The snowgoose tree is in the rosaceae or the rose family. Categorised as a fruit tree, it can grow to a height of 20 feet and spread up to 20 feet as well. Early in the season, the snowgoose flowering cherry tree begins to bloom. It starts out narrow as a sapling. As it ages, it widens. The tree blooms from mid to late spring. The flowers make way for the cherry-like fruit. If you decide on a snowgoose flowering cherry tree for your yard, you can look forward to a hearty and beautiful tree.
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Flowers and Foliage
The tree blossoms with single white flowers early in the season. Bowl-shaped flowers are alone or in groups of two to four. You can see the blossoms beginning as the leaves emerge. These flowers are long-lasting and bloom from mid to late spring.
The foliage of the snowgoose is deciduous, which means that the tree sheds its leaves annually. The foliage is dark green in the spring and summer, gradually turning to yellow-green and then to gold in the fall.
The snowgoose tree is very hardy and tolerant to animals and harsh conditions. For example, it tolerates both deer and rabbits and flourishes in heat, humidity, pollution and the salty sea air.
The snowgoose is a relatively hardy tree and can tolerate the cold temperatures common to zones 5 to 9. A planting zone serves as a guideline to determine the cold tolerance of plants in a geographic location. The snowgoose can survive in temperatures that reach --6.67 degrees C (--1.67 degrees C C).
The heat zones for the snowgoose are zones 1 to 9. These zones represent the average number of days annually that a region reaches temperatures over 30 degrees C (-1.11 degrees C C). For the snowgoose, that means that it tolerates between 1 and 150 "heat days" per year.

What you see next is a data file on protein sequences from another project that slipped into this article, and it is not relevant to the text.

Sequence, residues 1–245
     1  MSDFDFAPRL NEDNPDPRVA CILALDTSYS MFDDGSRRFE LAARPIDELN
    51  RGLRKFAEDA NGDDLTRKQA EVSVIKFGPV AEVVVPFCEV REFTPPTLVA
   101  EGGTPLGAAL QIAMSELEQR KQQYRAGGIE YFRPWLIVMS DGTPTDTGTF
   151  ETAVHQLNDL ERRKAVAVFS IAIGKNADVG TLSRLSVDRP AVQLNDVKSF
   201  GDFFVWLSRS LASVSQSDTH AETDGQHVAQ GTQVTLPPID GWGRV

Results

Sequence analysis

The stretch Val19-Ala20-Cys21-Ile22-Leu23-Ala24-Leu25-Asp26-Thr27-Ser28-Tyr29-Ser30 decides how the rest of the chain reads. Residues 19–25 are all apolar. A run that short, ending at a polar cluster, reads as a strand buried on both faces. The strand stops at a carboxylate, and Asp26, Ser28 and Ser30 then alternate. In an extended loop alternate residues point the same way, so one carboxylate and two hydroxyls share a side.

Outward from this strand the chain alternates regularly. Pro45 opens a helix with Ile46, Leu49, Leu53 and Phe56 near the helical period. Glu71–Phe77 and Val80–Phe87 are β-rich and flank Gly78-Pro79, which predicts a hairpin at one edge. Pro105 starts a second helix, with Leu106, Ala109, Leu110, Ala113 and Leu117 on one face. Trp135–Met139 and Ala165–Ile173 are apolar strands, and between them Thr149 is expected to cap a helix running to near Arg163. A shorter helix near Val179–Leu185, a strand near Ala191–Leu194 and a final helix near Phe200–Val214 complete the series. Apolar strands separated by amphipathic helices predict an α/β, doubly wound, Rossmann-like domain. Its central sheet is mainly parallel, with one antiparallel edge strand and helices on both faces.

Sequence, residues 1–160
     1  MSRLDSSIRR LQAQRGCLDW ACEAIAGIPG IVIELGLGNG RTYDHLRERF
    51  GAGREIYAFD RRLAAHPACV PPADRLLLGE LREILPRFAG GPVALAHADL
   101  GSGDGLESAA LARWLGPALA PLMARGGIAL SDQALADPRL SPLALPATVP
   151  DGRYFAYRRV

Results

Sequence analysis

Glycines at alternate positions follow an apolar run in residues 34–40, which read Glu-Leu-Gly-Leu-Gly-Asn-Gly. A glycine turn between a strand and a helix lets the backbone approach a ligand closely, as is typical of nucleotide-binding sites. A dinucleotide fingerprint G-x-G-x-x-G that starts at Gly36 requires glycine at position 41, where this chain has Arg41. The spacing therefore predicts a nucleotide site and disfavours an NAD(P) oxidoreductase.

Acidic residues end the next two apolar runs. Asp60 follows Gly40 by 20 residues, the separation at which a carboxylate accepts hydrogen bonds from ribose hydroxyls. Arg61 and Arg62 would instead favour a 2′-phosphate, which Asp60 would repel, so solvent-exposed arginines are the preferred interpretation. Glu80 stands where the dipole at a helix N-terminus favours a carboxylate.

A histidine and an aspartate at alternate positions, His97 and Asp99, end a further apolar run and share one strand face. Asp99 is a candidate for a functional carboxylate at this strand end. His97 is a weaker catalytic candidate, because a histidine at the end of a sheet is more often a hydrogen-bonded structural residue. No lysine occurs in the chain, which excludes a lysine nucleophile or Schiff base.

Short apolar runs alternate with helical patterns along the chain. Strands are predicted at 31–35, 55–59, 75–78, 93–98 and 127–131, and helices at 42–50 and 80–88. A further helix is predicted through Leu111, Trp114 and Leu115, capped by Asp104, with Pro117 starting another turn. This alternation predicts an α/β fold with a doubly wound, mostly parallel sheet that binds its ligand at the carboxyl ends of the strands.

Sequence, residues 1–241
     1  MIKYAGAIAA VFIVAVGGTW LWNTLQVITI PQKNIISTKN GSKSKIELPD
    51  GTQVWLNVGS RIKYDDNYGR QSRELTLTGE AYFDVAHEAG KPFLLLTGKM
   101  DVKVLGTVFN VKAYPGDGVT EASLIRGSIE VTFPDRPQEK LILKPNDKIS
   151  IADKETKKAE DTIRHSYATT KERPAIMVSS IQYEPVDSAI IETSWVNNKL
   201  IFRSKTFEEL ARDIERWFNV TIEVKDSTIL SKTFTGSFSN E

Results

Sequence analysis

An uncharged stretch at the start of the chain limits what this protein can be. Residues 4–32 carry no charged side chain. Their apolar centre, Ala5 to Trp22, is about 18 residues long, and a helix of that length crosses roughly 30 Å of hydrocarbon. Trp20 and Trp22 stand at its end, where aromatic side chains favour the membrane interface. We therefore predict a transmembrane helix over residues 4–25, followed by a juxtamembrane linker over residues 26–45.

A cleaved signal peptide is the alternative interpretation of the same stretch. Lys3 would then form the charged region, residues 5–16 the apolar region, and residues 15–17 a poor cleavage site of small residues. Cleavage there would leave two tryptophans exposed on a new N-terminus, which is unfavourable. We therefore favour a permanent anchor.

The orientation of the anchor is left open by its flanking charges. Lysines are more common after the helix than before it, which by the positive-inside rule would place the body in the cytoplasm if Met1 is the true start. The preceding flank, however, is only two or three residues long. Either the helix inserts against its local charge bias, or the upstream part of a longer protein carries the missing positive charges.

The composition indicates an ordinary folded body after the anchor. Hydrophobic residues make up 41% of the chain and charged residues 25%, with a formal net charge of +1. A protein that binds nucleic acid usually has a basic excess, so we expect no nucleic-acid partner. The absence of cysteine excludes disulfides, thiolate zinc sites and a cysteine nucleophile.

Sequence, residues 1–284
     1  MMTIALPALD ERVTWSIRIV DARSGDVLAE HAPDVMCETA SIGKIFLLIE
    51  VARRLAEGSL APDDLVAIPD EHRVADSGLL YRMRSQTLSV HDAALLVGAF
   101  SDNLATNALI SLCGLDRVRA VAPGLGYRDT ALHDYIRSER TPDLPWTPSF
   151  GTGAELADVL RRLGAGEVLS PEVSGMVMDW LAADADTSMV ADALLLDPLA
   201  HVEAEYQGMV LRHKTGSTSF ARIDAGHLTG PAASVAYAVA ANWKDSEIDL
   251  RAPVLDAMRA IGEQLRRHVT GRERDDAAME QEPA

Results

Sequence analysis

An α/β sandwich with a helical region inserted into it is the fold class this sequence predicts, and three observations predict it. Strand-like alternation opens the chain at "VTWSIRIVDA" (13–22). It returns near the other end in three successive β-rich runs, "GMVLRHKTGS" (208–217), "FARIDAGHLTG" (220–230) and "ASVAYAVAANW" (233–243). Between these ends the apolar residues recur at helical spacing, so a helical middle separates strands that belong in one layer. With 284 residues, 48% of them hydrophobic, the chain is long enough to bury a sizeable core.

The pH range for the tree is 4.5 to 7.5 pH. This indicates the potential of Hydrogen in the soil and determines how much alkaline or acid can be present. This tree can tolerate sandy soils with some clay content. That means the soil can be moist without being soggy.
You can use a fertiliser that is high in nitrogen (N) to promote green leafy growth. Be aware, however, that excess nitrogen in the soil causes too much vegetation at the expense of flower bud growth.
In places where the nights are cool and the days warm and humid, the snowgoose can develop a powdery mildew in the upper surface of the leaves or fruit. Avoid this problem by planting varieties that are resistant to mildew, and when planting, do not crowd trees so they can get adequate light and proper air circulation.
The immature forms of moths or butterflies can also be a problem for the tree. Caterpillars eat leaves and can be very destructive. To avoid the problem, weed frequently around the tree; remove caterpillars when you see them; apply labelled insecticides such as soaps and oils.
Scales are insects that might cause leaves to yellow and drop. A young scale by nature crawls until it finds a place to feed. An adult female then loses her legs and stays there indefinitely, protected by a hard shell. You might see the insects as bumps, often on the lower sides of leaves. Their mouths pierce and suck the sap out of the plant tissue. Once they establish themselves, they are difficult to control. If you run into this problem, consult your local garden centre professional to help with suggestions. You can also encourage one of their natural enemies in the garden such as parasitic wasps.
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